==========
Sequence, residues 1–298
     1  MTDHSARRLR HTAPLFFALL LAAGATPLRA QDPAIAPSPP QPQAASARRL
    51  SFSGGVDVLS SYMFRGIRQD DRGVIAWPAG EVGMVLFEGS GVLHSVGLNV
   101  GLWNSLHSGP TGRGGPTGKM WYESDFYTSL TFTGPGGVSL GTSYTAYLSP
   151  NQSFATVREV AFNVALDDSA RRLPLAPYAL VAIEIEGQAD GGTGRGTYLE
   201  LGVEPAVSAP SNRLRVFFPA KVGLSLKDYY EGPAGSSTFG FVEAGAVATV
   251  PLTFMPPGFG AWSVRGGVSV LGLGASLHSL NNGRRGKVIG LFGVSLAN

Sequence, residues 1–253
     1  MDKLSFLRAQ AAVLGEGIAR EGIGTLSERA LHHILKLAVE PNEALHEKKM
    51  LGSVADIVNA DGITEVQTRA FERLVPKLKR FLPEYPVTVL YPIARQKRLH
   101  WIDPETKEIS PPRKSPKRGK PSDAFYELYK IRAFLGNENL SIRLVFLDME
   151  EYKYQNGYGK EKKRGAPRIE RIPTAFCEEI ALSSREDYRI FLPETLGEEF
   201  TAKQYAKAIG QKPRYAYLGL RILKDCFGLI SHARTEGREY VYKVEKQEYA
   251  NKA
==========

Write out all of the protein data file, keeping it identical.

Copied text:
Sequence, residues 1–298
     1  MTDHSARRLR HTAPLFFALL LAAGATPLRA QDPAIAPSPP QPQAASARRL
    51  SFSGGVDVLS SYMFRGIRQD DRGVIAWPAG EVGMVLFEGS GVLHSVGLNV
   101  GLWNSLHSGP TGRGGPTGKM WYESDFYTSL TFTGPGGVSL GTSYTAYLSP
   151  NQSFATVREV AFNVALDDSA RRLPLAPYAL VAIEIEGQAD GGTGRGTYLE
   201  LGVEPAVSAP SNRLRVFFPA KVGLSLKDYY EGPAGSSTFG FVEAGAVATV
   251  PLTFMPPGFG AWSVRGGVSV LGLGASLHSL NNGRRGKVIG LFGVSLAN

Sequence, residues 1–253
     1  MDKLSFLRAQ AAVLGEGIAR EGIGTLSERA LHHILKLAVE PNEALHEKKM
    51  LGSVADIVNA DGITEVQTRA FERLVPKLKR FLPEYPVTVL YPIARQKRLH
   101  WIDPETKEIS PPRKSPKRGK PSDAFYELYK IRAFLGNENL SIRLVFLDME
   151  EYKYQNGYGK EKKRGAPRIE RIPTAFCEEI ALSSREDYRI FLPETLGEEF
   201  TAKQYAKAIG QKPRYAYLGL RILKDCFGLI SHARTEGREY VYKVEKQEYA
   251  NKA